With mainstream models using a joystick control the simplicity of mobility powered chairs offer can be liberating. With very little hand function you can regain independence mobility with minimal physical effort but do make sure you are aware of the safety of yourself and others, as you are then in control of a powered vehicle. When did you last have your vision checked? It’s an important but often overlooked consideration when taking control of a powered chair.

Some first-time user tips are:

  1. Always turn the chair off when you’re not moving to avoid accidental movements and keep your speed at the slowest level to avoid sudden, explosive movements when you first turn it on!
  2. When indoors, lift loose or thick rugs and trailing wires to reduce risks of imbalance when mobilising and consider a central motored chair if you need to negotiate small corridors.
  3. If you have a tilt function do use it before negotiating ramps, you’ll feel a lot more secure. If you don’t, keep your head and shoulders upright and against the back rest to stop you feeling like your falling forwards.
  4. Approach curbs and inclines square on to keep your chair balanced and hold the base of the joystick not the top for optimal control.
  5. If you have grip or reach problems adapted controls are possible and can often be customised by your OT if needed.

One size doesn’t fit all – personalise and accessorise!

If you’re recovering from surgery, have limited knee flexion or lower leg oedema, a standard wheelchair might fit your body but you may also need adaptations to comply with medical guidelines or just to find a comfortable position.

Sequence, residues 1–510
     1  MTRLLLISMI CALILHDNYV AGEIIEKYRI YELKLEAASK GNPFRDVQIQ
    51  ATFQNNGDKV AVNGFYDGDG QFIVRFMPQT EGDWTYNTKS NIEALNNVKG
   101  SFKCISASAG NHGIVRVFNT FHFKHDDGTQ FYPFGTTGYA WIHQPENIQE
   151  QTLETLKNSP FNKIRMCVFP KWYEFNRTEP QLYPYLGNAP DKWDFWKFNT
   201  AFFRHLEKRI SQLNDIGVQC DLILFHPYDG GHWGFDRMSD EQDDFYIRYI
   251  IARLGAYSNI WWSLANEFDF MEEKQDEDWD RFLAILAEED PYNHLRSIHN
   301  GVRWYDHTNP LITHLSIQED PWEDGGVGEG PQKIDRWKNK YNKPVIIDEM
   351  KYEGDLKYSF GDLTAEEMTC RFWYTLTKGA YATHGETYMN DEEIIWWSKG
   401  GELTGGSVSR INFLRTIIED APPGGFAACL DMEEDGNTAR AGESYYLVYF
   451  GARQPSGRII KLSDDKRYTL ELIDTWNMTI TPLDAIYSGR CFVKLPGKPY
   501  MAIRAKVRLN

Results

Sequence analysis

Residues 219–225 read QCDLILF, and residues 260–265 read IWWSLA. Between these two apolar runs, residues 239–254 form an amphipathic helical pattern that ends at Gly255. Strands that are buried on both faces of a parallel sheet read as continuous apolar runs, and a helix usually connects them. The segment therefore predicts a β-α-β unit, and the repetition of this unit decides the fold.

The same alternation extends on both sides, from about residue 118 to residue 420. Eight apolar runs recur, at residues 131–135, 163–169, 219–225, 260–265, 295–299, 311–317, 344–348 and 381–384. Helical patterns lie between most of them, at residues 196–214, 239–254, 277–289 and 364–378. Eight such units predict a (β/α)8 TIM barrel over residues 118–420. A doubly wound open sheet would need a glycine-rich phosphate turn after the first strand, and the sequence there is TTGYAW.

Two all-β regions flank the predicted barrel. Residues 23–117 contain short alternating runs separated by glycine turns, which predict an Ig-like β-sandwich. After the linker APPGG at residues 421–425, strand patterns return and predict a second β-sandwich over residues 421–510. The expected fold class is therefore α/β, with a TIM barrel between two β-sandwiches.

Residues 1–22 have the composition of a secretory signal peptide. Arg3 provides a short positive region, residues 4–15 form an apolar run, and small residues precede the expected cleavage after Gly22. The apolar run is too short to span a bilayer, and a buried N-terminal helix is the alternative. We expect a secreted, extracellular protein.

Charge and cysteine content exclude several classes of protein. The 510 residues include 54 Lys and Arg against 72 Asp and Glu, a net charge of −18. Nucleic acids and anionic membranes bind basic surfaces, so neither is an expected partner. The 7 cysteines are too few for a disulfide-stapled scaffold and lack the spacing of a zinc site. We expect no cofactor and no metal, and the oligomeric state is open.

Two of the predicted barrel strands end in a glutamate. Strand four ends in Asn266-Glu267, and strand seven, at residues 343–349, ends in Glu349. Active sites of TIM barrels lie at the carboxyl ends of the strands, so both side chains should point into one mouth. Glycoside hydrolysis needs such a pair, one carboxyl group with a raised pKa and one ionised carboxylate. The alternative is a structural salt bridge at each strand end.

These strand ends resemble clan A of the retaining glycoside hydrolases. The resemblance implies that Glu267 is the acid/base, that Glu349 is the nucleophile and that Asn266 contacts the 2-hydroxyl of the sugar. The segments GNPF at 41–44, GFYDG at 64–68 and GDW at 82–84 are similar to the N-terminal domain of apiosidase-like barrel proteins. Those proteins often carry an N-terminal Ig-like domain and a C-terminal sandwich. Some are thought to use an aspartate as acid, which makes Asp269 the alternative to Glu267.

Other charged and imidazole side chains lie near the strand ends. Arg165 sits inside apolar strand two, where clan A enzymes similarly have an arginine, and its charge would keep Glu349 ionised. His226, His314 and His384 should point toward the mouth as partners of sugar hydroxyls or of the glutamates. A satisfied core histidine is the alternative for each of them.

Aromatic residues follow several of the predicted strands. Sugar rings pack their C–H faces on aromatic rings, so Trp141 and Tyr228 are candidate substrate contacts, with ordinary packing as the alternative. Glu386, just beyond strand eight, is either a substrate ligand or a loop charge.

Adding leg raisers can be a simple fix. Look at the Ergo Pro SP/Transit - Elevating Leg Rest for ideas on how they work.

If you have an amputation, you may need a stump board, if you use a walking stick you may need a holder.

Sometimes these additions can alter the stability and centre of gravity of your chair so an extended wheelbase chair may be worth trying.

Oh, and cushions; never underestimate the importance of a suitable cushion! Be ready for a whole new blog just to cover the world of cushions!

The Price Tag

Whilst the NHS can sometimes provide you with a wheelchair, if you have a specific product preference or specification you favour, you may want to ask them about the voucher scheme instead.

This could be a cash equivalent you put towards a chair of your choice, giving you access to a wider selection of products.

If your needs are acute and short term there may even be options to hire a wheelchair, but specialist accessories are not always provided from hire centres, so having these add-ons available for purchase can be very useful.

If you’re still stuck with where to start, take a look at my wheelchair reviews to get an overview of what may meet your needs, then pop into a showroom to try them for yourself. ALWAYS try before you buy, if you can!!